Here you see a side view of a locomotive from the 1890-1900 years.


An advertising card for travelers checks from Adams Express made in 1913 also shows a locomotive similar to the 1908 rendition by the BEP.

As trains were the backbone of the domestic transportation industry worldwide for a great many years, it is only natural that stock certificates from those years would consist most often of pieces featuring some really wondrous scenes showing whole trains, locomotives or just single cars for various reasons.


The roundhouse was where locomotives were refurbished and made mechanically sound. Here is a group of them in such a setting, ca. 1920s-1930s.


This is a scene ca. 1940s of two trains going in opposite directions passing workmen tending to the tracks at center.

The individuals who drove these massive vehicles had special passes made for various reasons. I would expect that at least a few of them will be found to show some sort of train vignettes; we’ll soon see. Those that I am already familiar with generally lack any such vignette. In fact, to my great surprise, the group that I was able to examine for possible illustrations was totally devoid of train vignettes.


This may be one of the last of the modified steam engine designs before the modern diesel locomotive took over.


The diesel engine is presented here, along with its various statistics. There is no date on this card but it is estimated at ca. 1960.

In studying these stock certificates I have noticed that some security printers involved with producing these pieces are not known for making any bank notes, yet their overall production quality appears to me to be quite high. I imagine that individuals more acquainted with the many companies that did produce such certificates are not surprised at this situation.


Here is a diesel hauling a freight train much as we see it today.


On a very small Chinese ration (?) coupon of 1991 this rendition of a passenger train is shown.

Another source that I am sure will prove a very fertile field for train images is the vast area of checks, mostly U.S. Again, it is only natural since checks were so widely used during the heyday of travel by tracks. Just imagine all the businesses that made use of the railroads for freight distribution during much of the 19th and over half of the 20th centuries and you might garner some idea of the breadth of this part of the collecting scene. The one caveat with respect to these checks is that so many of them will portray rather similar trains since they are from the same general time frame, usually from the later 19th century through the earlier part of the 20th. That means we have to search other venues for images of trains that do not adhere to this pattern.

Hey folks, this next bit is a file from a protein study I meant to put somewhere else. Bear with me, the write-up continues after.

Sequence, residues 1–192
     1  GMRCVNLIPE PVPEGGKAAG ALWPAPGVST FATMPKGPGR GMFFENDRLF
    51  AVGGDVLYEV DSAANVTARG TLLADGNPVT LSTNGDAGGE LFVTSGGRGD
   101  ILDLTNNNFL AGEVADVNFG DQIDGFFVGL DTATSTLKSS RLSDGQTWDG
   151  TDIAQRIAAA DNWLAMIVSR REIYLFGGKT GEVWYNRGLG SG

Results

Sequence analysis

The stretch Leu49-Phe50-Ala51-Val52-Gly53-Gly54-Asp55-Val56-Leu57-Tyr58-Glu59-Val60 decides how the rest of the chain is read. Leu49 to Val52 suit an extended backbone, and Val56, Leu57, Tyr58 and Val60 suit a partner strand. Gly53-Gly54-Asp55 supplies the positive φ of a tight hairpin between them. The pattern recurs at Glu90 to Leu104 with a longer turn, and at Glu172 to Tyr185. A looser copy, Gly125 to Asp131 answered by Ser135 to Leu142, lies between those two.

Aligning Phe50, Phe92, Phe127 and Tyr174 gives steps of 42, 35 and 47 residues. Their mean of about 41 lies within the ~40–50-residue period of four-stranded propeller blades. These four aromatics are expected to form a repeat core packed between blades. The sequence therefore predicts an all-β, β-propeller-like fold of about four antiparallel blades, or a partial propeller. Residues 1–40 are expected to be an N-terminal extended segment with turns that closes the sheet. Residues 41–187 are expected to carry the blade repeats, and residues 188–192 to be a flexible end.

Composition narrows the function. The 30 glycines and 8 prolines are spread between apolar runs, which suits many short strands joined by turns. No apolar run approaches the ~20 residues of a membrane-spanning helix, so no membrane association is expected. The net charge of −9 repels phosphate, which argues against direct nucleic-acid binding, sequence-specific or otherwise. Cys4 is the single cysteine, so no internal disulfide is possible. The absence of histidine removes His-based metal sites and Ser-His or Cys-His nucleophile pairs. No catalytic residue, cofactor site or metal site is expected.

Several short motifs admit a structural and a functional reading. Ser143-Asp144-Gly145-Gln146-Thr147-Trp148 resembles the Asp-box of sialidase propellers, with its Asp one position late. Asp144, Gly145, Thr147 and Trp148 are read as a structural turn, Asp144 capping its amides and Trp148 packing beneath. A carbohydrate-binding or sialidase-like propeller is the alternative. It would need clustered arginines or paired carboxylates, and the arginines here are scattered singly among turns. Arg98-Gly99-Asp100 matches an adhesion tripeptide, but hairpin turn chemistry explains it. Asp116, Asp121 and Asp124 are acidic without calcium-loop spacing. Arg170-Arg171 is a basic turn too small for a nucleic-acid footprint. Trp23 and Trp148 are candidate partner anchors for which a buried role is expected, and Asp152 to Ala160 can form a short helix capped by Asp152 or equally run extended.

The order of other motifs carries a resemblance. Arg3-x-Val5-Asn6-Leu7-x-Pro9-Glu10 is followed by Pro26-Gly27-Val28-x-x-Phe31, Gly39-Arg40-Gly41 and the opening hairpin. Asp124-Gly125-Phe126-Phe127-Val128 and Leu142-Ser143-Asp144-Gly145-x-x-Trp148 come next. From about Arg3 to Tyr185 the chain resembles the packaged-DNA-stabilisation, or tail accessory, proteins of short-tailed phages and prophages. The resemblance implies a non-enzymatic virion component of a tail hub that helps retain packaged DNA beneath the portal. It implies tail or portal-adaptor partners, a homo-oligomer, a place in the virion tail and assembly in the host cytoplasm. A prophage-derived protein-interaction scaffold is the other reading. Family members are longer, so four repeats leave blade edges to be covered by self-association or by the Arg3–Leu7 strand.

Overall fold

Horseshoe Curve in Pennsylvania is a well-known landmark as well as a tourist attraction. Pairs of train tracks traverse this wondrous territory, as you see here. There are images of three trains shown, two of which appear to be very long passenger carriers pulled by diesels.


This image is of a modified steam engine as seen on a stock certificate from Belgium.

Yet another area that should be a part of any collection of train vignettes is that of fiscal documents issued by transportation companies that mention trains but do not have any pictorial design. Personally I feel that they occupy a special place in this collecting field and should not be ignored. True, they do not add a lot to any display that boasts some great train portrayals, but with proper explanation they can add a certain dimension to the whole collection.

With all the above points in mind, I hope you enjoy the pieces illustrated here and see what stories they may tell. Many of the images are taken from stock certificates or bonds.

This article was originally printed in Bank Note Reporter. >> Subscribe today.

More Collecting Resources

• The Standard Catalog of United States Paper Money is the only annual guide that provides complete coverage of U.S. currency with today’s market prices.

• When it comes to specialized world paper money issues, nothing can top the Standard Catalog of World Paper Money, Specialized Issues .